On a more serious golfing note, I thoroughly enjoyed Tidewater, which back in 1991 had the distinction of being named top new course in the U.S. by both Golf and Golf Digest magazines; a feat never before managed. The first couple holes are nice parkland style layouts. But on the third hole you’re suddenly out on a beautiful marsh, with white birds soaring over dark water and golden-green grass. The third hole is a tough par 3 with a wild, two-tiered green. The fourth is a magnificent par four that runs alongside the marsh with a ton of ball-swallowing bunkers.
The course goes back inland a bit after that but reaches out to the Intracoastal Waterway on numbers eight and nine. The back nine has a similar mix of parkland and marsh and intracoastal holes, which makes for a delightful day. The 12th hole is probably the signature hole, a par-three where you can look out past the marshes and see boats bobbing on the Atlantic Ocean.
They have five sets of tees, from black down to red. The black tees measure 7,044 yards and carry a slope rating of 144; not for the timid. I played the whites, which are 6,323 yards with a slope of 130; still sizable but not bad.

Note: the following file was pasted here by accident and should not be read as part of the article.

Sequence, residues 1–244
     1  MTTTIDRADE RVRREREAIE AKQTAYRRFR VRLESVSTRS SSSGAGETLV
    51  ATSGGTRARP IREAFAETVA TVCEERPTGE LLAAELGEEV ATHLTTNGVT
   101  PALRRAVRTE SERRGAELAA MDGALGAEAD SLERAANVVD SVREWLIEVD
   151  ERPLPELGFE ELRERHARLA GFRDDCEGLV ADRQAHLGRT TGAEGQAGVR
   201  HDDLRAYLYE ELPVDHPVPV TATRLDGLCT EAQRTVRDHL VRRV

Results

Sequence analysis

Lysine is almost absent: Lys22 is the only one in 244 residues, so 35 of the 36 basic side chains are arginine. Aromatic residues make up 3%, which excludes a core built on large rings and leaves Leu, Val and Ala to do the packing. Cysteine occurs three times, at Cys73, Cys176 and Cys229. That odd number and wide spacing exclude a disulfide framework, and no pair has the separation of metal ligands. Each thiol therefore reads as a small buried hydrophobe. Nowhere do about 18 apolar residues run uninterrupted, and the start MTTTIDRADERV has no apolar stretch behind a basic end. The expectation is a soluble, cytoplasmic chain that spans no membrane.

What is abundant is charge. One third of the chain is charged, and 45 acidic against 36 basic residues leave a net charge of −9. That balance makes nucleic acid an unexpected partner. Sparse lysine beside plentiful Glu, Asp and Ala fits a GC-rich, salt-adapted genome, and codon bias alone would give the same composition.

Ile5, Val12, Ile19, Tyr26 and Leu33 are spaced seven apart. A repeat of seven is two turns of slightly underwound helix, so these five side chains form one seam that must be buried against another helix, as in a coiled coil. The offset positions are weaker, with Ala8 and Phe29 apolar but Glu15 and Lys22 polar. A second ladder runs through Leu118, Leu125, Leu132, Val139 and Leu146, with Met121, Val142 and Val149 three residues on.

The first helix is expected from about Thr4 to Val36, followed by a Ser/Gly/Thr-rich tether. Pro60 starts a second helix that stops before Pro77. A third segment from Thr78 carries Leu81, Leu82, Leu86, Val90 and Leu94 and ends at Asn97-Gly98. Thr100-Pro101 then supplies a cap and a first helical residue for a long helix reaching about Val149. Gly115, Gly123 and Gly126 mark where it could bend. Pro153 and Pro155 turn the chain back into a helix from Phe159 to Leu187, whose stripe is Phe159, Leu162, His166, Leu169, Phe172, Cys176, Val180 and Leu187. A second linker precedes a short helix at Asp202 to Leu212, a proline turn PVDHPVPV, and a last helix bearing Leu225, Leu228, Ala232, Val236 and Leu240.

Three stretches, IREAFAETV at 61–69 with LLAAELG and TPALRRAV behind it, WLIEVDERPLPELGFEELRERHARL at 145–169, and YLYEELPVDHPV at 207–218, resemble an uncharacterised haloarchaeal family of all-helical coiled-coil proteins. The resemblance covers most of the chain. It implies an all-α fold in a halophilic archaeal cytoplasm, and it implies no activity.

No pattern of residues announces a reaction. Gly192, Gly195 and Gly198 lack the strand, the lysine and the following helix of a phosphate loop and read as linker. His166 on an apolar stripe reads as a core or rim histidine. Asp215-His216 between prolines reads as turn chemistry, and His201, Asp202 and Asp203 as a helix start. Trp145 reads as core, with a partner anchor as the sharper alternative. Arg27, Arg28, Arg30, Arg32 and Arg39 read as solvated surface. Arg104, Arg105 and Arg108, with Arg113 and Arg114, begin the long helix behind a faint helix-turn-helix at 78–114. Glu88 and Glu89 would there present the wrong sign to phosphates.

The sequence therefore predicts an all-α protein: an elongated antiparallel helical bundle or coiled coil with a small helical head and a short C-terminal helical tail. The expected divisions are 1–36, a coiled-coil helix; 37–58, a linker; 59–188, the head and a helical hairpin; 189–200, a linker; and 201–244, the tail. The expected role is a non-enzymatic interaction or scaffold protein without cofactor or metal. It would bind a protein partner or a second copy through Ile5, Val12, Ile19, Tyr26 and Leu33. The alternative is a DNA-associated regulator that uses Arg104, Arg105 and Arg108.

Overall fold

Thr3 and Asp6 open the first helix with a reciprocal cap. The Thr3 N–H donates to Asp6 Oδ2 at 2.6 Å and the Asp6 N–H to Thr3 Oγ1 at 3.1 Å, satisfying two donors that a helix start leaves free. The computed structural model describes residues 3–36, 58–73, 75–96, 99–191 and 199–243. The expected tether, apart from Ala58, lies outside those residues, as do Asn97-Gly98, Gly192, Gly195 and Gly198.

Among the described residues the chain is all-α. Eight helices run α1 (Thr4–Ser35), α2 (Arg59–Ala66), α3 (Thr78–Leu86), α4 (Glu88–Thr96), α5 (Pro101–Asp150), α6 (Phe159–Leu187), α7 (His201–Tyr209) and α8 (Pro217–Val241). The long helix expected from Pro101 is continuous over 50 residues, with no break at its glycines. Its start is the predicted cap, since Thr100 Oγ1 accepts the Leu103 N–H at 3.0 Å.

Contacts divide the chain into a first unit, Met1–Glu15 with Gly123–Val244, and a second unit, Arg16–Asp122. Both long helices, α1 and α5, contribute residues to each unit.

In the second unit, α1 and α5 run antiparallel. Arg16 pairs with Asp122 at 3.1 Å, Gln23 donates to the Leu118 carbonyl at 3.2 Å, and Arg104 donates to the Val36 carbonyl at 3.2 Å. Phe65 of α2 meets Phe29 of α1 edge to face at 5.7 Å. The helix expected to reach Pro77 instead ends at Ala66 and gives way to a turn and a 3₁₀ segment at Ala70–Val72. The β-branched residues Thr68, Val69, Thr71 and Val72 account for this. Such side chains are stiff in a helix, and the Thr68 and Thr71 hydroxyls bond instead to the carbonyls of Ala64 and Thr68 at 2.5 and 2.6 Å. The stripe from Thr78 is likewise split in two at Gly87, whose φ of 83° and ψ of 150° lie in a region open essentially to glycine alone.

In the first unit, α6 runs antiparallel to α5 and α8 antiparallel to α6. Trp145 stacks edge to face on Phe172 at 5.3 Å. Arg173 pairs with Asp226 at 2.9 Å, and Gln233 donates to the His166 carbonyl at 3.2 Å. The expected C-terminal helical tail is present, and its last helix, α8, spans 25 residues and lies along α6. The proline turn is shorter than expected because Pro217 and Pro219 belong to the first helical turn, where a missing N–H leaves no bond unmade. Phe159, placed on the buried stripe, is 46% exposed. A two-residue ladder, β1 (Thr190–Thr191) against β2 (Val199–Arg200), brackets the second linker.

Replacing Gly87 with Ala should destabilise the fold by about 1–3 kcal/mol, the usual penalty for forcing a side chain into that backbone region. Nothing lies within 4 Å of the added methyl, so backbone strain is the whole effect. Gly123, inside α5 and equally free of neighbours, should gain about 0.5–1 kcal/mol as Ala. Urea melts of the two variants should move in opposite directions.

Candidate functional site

GM Archie Lemon said residents have drafted a sixth of tees that are a combination of whites and forward green tees. Called white/green, players from that tee box will play a course of 6,031 yards with a slope of 127.
I bunked down for three nights at the Anderson Ocean Club, an Oceana Resort at 26th and Ocean; about 15 blocks north of the SkyWheel and the downtown arcades. That means it’s quiet, but easy to get to the action. And with plenty of nice spots nearby, including Lulu’s Cafe, with its 50’s diner feet and good breakfasts and strong coffee.
The Anderson, part of which operates as a Hilton Grand Vacations propety, is on a great stretch of beach and they have four or five small pools, including a couple hot tubs. They have a nice gym and a very nice spa, where I got one of my better massages on my final day. Very nice folks, which kinda goes without saying in Myrtle Beach.